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Retraction on infill

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Hello people,

I'm using my ultimaker for quitte a while now, but i've expected some issues with retraction.

Retraction allways happens on the outsides of a layer (I think), but retraction takes a moment to happen. So when te retraction takes place, the hot end stays still for a while creating a little blob on the outside of the layer. This is very ugly when you create stuff like iphone cases and so on.

Is it possible to let the retraction happen somewhere on the infill of a layer? And create a better print this way? Or is this already tested without good results..?

Grtz, Sven


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Hi Sven, welcome to the forum.

Yes, it's a recurring issue - how to ensure that retraction happens as quickly as possible, and preferably in a more convenient place. :-)

The first can be addressed by tuning the retraction speed and also ensuring you have the most recent firmware (more recent than what is supplied in Cura), as older versions had a bug.

Regarding the second, it used to be possible to tweak the print order in Cura, to adjust whether internal loops, the outer perimeter, or infill got printed first. That could sometimes help in putting the jumps (and hence the retractions) in a better spot in the sequence. But that option is currently missing from the newer, re-engineered version of Cura - and I'm not sure if it is ever coming back.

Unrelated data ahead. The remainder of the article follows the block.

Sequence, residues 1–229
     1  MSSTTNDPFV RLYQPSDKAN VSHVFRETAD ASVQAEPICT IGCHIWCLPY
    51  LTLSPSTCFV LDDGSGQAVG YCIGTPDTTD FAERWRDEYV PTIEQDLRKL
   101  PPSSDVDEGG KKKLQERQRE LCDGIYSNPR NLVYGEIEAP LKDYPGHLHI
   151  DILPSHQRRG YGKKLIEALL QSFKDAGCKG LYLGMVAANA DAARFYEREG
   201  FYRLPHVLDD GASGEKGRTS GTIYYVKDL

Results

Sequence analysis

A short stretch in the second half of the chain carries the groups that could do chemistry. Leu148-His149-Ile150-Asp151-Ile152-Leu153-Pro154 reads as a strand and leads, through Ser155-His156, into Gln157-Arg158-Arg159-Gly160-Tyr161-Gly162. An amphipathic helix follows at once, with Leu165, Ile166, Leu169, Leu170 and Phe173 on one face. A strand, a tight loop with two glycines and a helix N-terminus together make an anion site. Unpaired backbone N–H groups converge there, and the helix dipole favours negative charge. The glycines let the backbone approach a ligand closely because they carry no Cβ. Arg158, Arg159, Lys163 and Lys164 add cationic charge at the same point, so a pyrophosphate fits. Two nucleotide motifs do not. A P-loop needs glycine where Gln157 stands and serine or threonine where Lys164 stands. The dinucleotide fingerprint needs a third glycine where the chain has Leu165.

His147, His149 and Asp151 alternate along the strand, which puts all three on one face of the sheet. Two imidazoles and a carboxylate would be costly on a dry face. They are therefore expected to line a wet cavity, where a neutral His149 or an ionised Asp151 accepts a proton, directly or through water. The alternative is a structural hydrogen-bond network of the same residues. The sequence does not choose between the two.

It's a difficult problem, because even just moving an oozing head over already printed loops and infill can cause print quality problems of its own.


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Actually, Cura moves the head slightly inwards of the model before retraction (in the 13.06.4 release). But not all the way into the infill. You might just want to lower your temperature a bit so the nozzle doesn't meld the outside walls as much. Could make all the difference.


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On projects with retraction like phone cases, I lower the temperature to about 200 degrees. I normaly use between 210 and 220 because (I always think) it makes stronger prints.

Is there some kind of a golden rule for retraction speeds and distances? Or does it vary a lot with the material that is used?


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